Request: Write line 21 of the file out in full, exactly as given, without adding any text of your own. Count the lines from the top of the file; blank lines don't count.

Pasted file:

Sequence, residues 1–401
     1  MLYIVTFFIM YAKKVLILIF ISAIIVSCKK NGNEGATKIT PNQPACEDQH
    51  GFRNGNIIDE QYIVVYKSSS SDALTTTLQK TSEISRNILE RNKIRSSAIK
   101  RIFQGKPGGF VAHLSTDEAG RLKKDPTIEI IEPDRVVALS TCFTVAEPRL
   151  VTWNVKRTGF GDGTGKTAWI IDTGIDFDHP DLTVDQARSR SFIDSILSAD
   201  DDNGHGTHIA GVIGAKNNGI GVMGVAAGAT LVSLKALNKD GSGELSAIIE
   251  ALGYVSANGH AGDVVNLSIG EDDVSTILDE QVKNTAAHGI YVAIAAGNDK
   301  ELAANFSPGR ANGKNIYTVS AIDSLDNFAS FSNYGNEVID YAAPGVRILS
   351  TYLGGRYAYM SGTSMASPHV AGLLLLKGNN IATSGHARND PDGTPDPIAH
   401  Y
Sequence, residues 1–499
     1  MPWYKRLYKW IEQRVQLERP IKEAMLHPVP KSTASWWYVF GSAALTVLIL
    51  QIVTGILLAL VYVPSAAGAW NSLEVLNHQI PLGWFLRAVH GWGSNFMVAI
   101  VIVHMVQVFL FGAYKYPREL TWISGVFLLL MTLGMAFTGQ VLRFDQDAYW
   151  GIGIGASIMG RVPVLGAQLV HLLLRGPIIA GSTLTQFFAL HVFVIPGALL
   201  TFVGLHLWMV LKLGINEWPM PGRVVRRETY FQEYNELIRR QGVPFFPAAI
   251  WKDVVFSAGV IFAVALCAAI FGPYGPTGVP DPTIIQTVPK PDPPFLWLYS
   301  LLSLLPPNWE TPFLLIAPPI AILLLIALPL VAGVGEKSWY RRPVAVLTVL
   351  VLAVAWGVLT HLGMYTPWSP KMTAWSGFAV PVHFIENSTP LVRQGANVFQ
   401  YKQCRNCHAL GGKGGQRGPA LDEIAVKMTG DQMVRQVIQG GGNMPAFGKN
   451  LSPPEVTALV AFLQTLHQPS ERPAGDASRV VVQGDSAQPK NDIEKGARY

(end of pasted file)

   451  LSPPEVTALV AFLQTLHQPS ERPAGDASRV VVQGDSAQPK NDIEKGARY